Cold hands, warm heart….


Cold hands warm heart my Nana used to say.  (That’s me in my Nana’s arm with my Dad and Grandpa.)

Sounds nice doesn’t it? But the reality is that I feel the cold. I always have and I can’t remember a time that I didn’t. I thought it was normal so I have never, and will never, complain about it. It is what it is. I hear all winter long – I am cold – from members. Often this comes from members in t-shirts and ¾ pants. I then put my ice block hands on them and their bodies are fairly warm. I feel more like a cold reptile! Not mentioning it has actually been a big part of coping with it. Our words are powerful. If I say I am cold, think I am cold, even think about how it feels, it is a cold I cannot cope with. There needs to be a balance though and over the years I have learnt to ask for help and found it in many different ways. Now I would like to pass what I have discovered on to you and hopefully it will help.

As a child I used to go to my Nana’s house and was spoilt by her unconditional, never ending, unlimited love. To keep my little hands and feet warm she would put me in front of the heater that was turned up high. I would often sit at her feet as she crocheted. We would talk about all sorts of things and it was a wonderful time for me. However, I would leave her place and end up with the most awful chilblains on my toes. As the years went by those chilblains would be on the tips of my ears and then eventually on my hands. By the time they were on my hands I was living in the UK and totally unprepared for the cold.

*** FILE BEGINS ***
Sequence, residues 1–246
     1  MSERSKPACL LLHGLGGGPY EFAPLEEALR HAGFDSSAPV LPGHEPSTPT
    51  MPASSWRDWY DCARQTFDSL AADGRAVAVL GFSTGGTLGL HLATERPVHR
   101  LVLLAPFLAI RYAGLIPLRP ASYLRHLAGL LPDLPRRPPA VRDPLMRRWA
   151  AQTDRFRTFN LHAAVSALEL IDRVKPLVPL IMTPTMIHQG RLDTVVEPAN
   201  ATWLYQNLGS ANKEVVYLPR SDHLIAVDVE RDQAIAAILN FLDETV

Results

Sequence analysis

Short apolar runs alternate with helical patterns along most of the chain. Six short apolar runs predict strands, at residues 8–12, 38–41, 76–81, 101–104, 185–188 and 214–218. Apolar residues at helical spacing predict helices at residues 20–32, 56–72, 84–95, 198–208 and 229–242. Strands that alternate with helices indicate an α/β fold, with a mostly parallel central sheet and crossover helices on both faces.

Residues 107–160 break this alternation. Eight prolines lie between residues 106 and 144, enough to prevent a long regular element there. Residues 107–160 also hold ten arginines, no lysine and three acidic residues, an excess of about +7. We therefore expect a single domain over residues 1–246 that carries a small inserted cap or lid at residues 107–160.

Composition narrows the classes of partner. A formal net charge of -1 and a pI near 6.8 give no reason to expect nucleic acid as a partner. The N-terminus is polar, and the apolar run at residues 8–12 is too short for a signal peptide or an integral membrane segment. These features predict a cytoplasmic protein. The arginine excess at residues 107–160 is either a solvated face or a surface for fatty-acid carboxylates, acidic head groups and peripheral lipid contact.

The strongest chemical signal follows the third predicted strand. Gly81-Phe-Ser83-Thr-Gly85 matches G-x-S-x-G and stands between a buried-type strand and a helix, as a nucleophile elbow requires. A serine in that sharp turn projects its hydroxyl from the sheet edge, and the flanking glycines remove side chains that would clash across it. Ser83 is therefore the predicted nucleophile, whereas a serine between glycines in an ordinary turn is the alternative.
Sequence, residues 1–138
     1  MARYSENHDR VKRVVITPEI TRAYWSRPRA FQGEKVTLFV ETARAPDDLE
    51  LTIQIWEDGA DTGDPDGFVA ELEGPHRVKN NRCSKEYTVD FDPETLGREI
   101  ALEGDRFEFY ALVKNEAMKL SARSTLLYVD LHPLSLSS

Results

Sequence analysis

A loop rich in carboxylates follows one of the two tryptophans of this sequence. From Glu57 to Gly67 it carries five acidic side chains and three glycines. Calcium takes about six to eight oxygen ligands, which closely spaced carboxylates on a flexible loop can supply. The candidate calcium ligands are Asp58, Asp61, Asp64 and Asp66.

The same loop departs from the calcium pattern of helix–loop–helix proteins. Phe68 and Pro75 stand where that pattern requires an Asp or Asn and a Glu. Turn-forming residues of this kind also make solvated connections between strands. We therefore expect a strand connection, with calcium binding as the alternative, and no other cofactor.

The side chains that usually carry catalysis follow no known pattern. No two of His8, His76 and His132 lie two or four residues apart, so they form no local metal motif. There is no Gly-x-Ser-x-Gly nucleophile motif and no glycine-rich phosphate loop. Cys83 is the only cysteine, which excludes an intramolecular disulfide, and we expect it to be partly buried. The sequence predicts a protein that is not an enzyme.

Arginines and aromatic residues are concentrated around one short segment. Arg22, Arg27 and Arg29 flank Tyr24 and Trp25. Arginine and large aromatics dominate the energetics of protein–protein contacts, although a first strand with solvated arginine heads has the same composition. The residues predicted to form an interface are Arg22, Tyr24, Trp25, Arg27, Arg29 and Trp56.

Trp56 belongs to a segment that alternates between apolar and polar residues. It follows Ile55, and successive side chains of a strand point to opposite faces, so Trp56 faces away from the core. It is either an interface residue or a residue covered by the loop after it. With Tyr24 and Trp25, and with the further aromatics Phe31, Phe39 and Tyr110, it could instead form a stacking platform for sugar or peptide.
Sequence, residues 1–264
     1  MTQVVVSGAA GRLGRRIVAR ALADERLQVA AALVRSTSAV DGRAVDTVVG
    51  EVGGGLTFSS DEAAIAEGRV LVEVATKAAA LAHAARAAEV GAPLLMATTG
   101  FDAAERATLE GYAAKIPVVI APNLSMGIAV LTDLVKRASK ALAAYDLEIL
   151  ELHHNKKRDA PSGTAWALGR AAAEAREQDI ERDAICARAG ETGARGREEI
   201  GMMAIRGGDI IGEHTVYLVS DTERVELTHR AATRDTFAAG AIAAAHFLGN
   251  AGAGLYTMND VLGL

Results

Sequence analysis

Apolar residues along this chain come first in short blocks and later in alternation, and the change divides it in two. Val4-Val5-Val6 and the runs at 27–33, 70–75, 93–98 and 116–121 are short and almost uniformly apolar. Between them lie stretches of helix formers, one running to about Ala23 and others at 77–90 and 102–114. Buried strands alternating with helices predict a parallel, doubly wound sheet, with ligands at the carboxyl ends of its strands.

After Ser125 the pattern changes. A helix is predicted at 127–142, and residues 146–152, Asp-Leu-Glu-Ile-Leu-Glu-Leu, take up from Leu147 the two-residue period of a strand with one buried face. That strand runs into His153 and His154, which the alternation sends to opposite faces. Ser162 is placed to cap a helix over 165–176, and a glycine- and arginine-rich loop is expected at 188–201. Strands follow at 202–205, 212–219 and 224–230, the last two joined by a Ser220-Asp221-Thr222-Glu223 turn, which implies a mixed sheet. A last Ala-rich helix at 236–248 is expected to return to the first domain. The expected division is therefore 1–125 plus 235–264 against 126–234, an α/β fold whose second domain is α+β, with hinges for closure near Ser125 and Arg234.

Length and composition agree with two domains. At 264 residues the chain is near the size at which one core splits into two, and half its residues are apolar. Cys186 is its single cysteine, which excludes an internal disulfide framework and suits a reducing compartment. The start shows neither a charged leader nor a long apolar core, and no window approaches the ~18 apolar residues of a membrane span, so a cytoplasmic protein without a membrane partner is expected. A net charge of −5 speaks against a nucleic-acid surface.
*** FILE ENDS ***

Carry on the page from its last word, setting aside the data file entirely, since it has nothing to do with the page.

Growing up in a cold town I was used to wearing a jumper all year round and of course playing and then exercising outdoors. Thankfully it is a habit I still have as I am sure it helps a lot. Arriving in England without the right clothing was pretty awful! I discovered big bulky coats, hats and gloves. Go indoors and they came off. That transition from hot to cold is one that I try and avoid. This means if I warm up at all the clothes are off and then back on if I feel even remotely chilly. No electric blankets or hot water bottles. The temperature in my unit stays consistently between 16 and 20 all winter long. The heating in my car is rarely on. As soon as I leave it I feel the cold. Once I am cold warming up can take hours.

I arrived in Melbourne after a couple of years in Sydney. That was lovely living there as I had no issues with the cold at all. You would think that after living in Portland and then England that Melbourne would be fine. It was horrible!! I ended up going to a Naturopath who was fantastic. The doctors in England had told me that I had Raynaud’s and this is the reason I wear gloves from April to September. They had also tried to put me on Warfarin (yuck) and scared me with stories. My hands when cold go a deathly white with no blood flowing through them. Apparently if it lasts I will lose the use of my fingers and amputation will be the only answer. Scary stuff for a girl in her 20’s.

The Naturopath gave me lots of tools that really helped.
First was to cut back on wheat. I was eating it for breakfast, lunch and dinner. Hard to start off with but much easier now.
Second was to reduce dairy. Apart from yoghurt I have no dairy.
Gingko Biloba has probably been the most significant. It improves circulation and is great for memory. I always increase my dose throughout winter.
Fish oil made a massive difference. It reduces inflammation. My knuckles were so inflamed and painful that at times I was unable to hold a pen, let alone write. To this day I still take fish oil daily.
Reducing tea and coffee has an impact. Whilst not a fan of herbal teas anything with Ginger is good. I have discovered wet chai and through winter the cinnamon smell wafts through my home as I brew it up at least 3 times a day.